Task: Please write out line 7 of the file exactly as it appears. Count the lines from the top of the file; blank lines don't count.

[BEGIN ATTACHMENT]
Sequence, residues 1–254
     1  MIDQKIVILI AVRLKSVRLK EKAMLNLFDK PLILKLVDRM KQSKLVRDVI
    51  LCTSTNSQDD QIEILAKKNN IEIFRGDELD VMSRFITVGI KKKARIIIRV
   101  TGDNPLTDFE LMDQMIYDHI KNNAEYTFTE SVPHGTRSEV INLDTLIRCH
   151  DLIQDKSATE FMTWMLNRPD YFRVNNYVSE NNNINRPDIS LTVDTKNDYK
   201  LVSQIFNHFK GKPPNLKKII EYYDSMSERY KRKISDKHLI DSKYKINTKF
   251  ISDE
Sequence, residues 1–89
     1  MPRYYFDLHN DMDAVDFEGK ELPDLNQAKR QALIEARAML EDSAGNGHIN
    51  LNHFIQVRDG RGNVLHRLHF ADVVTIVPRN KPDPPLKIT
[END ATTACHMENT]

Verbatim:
   251  ISDE